A #LOUISIANA WATERTHRUSH and three #BLACK-CAPPED GNATCATCHERS were reported on the Patagonia CBC on 12/18 (Molly Pollock, Chris Benesh, Debra Finch) on private property just upstream from the Patagonia Roadside Rest Area; in some winters the waterthrush can be seen in the creek across from the rest area, but please do not cross the fence.

At Patagonia Lake State Park (annotated map: http://goo.gl/GgNvs) a #WINTER WREN continued on 12/15 (Carol Riddell) along the creek at the east end of the lake. A #BLACK-CAPPED GNATCATCHER and #EASTERN PHOEBE continued on 12/14 (Alan Schmierer) along the east trail in the 5th wash (Nutting’s Wash). A Northern Parula was reported in the campground on 12/18 (Jan Allen). 

SIERRA VISTA & the HUACHUCAS

At the San Pedro House, a #LOUISIANA WATERTHRUSH continued along the San Pedro River between trail marker #7 and #8 on 12/16 (m.ob.).

 

ANNOUNCEMENTS

Addendum to Finding Birds in SE Arizona 8th Edition (2011) is now available at: http://www.tucsonaudubon.org/what-we-do/publications/359-fbiaddendum8th.html.

TUCSON - Mosquito control operations are scheduled at Sweetwater Wetlands from 6:30-8:30am on Mondays.  The gate will open when operations are finished. Roger Road WRF was closed as of 1/10/2014 and it is uncertain when access will be allowed again.

GREEN VALLEY WWTP - Protocol for visiting: use the call box at the gate, sign in and out at the office, and stay away from buildings and construction equipment.

MILLER CANYON - fire and floods have changed Beatty's Guest Ranch; see http://seazhummingbirds.com for more information.

RAMSEY CANYON - Ramsey Canyon Preserve is open; it is closed Tuesdays and Wednesdays.

ASH CANYON - Ash Canyon B&B is open; parking is limited to six spots.

BENSON - the Benson Birding Trail is no longer accessible as the property is under new ownership.

PATAGONIA - The Patons' yard remains open to birders.

FORT HUACHUCA - is an active military installation and will suspend your driving privileges on Post for 30 days on your first offense for talking or using a cell phone while driving. You MUST use a hands free device. Current entry requirements (subject to change without notice): US citizens should be prepared to show photo ID for everyone in the vehicle at the entrance, and possibly your vehicle registration and insurance as well. Foreign nationals must be accompanied by an approved military escort; contact the base (520.533.7111), or possibly the Sierra Vista Visitor's Bureau (520.417.6960) well in advance.

SANTA CRUZ FLATS: Managers at the Evergreen Turf Farm (vicinity of Tweedy and Pretzer Rds) have requested that anyone birding there on the weekends please leave by 5:00 PM. This is due to security issues experienced by the Sod Farm. Birders are still welcome here at other times.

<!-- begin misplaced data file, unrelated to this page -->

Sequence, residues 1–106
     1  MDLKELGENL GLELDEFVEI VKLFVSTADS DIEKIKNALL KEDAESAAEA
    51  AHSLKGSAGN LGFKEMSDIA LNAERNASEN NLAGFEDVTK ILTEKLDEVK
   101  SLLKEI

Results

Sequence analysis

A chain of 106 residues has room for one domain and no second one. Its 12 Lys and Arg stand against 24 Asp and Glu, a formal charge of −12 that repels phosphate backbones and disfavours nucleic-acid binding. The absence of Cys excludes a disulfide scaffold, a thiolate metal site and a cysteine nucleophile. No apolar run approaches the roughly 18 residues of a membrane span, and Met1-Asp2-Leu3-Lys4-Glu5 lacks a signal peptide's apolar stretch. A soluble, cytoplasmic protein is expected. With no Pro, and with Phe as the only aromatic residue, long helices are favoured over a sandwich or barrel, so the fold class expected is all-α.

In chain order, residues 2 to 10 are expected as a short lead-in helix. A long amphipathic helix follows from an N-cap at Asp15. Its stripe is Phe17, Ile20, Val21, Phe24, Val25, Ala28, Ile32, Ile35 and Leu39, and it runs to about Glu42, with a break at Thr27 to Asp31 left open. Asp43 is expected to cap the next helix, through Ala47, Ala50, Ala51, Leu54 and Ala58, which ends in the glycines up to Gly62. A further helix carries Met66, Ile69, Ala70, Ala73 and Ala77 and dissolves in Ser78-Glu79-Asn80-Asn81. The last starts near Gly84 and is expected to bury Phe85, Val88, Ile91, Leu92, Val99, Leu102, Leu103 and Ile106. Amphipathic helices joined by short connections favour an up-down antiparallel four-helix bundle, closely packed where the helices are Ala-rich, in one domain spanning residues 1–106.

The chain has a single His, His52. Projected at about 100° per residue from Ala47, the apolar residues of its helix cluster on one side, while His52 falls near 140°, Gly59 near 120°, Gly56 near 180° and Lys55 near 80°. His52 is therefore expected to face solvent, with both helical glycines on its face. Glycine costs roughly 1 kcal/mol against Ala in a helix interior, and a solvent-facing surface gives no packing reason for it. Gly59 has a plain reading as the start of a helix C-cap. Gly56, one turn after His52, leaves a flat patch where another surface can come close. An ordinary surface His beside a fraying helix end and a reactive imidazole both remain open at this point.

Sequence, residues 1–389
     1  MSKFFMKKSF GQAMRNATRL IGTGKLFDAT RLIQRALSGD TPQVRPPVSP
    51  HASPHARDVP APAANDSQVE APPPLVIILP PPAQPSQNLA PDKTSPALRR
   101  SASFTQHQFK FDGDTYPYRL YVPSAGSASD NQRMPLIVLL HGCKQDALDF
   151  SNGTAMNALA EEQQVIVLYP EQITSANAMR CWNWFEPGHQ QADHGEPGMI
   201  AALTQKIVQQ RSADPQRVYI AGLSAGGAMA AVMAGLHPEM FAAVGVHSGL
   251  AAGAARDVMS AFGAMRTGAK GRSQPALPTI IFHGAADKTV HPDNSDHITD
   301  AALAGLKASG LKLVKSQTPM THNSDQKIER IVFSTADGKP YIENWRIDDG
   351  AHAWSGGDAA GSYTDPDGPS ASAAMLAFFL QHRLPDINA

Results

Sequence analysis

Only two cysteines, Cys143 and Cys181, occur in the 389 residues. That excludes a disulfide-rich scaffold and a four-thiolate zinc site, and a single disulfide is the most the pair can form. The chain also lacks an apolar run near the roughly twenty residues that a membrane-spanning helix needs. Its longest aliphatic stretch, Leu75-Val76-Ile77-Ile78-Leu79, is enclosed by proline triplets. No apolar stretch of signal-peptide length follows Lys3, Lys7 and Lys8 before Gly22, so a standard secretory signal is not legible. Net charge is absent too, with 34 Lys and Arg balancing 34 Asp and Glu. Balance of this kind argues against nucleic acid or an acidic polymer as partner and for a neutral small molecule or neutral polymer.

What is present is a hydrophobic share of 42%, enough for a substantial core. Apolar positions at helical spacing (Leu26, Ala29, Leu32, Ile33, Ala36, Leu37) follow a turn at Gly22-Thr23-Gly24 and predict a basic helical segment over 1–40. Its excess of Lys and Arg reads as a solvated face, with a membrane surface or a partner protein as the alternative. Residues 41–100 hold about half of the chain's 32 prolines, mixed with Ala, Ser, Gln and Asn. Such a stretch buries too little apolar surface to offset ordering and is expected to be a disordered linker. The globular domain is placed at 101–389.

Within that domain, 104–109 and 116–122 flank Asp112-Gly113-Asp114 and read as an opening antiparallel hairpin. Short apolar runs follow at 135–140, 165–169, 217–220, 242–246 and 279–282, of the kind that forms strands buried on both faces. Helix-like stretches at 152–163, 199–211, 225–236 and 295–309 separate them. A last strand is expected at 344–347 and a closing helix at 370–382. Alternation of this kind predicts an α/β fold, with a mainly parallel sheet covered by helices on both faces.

BAIRD'S SPARROW HILL AND THE VACA RANCH CORRAL in the San Rafael Valley is off limits to birders due to the thoughtless actions of a few birders. DO NOT ENTER THE PROPERTY.  A sign has been posted previously stating that "stopping within 0.25 mile of the corral is prohibited."

The Regional Wastewater Reclamation Department is currently revising security procedures and the following rules are subject to change any time. Please see this link for important information regarding access: http://www.pima.gov/wwm/about/pdf/birdwatching.pdf. Your cooperation is greatly appreciated.

AVRA VALLEY WRF: Gates open at 6AM and close PROMPTLY at 2PM (do not linger, you will be locked inside).

ROGER ROAD WRF: closed

NOGALES STP: closed

CORONA DE TUCSON WRF: closed

Good birding!

Mark Stevenson 


 

 

Important Phone Numbers

General Info: 520 629-0510
University Nature Shop: 520 629-0510 x1
Rare Bird Alert: 520 629-0510 x3
Education: 520 629-0510 x7012
Membership: 520 629-0510 x7002
Agua Caliente Nature Shop: 760-7881
Executive Director: 520 629-0510 x7001
FAX: 520 623-3476

Sick or injured birds, please call:
Tucson Wildlife Center at 520-903-1104

Additional numbers

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Report Sightings

Phone: 520-629-0510 x3

E-Mail: rarebirdalert

Documentation and photos of review species may be submitted to AZFO.

The Arizona-New Mexico Birding ListServ

Directions to Birding Sites
Where directions are not given, they can be found in the newest edition of Finding Birds in Southeast Arizona, published by and available from Tucson Audubon Nature Shop. Changes in site access since the publication of this guide can be found by going to our Finding Birds in Southeast Arizona Online Addendum.

Methodology of this Report
The sequence of sightings in this report is not random. Species are listed by order of overall rarity within locality. The first locality mentioned contains the rarest species seen during the reporting period. Within that locality, species are mentioned in relative-rarity order or in taxonomic order, if relative rarity is the same, within sub-locality. When the sightings for a locality are complete, the rarest remaining species dictates which locality is mentioned next, and so forth. At any point when 2 or more species are of the same relative rarity, taxonomic order then determines the sequence in which the localities are covered. Consequently, the order in which localities are mentioned will vary from one report to the next.

Contributors are listed in the text. The spelling of names given over the phone is not guaranteed to be accurate. Any errors or omissions are unintentional.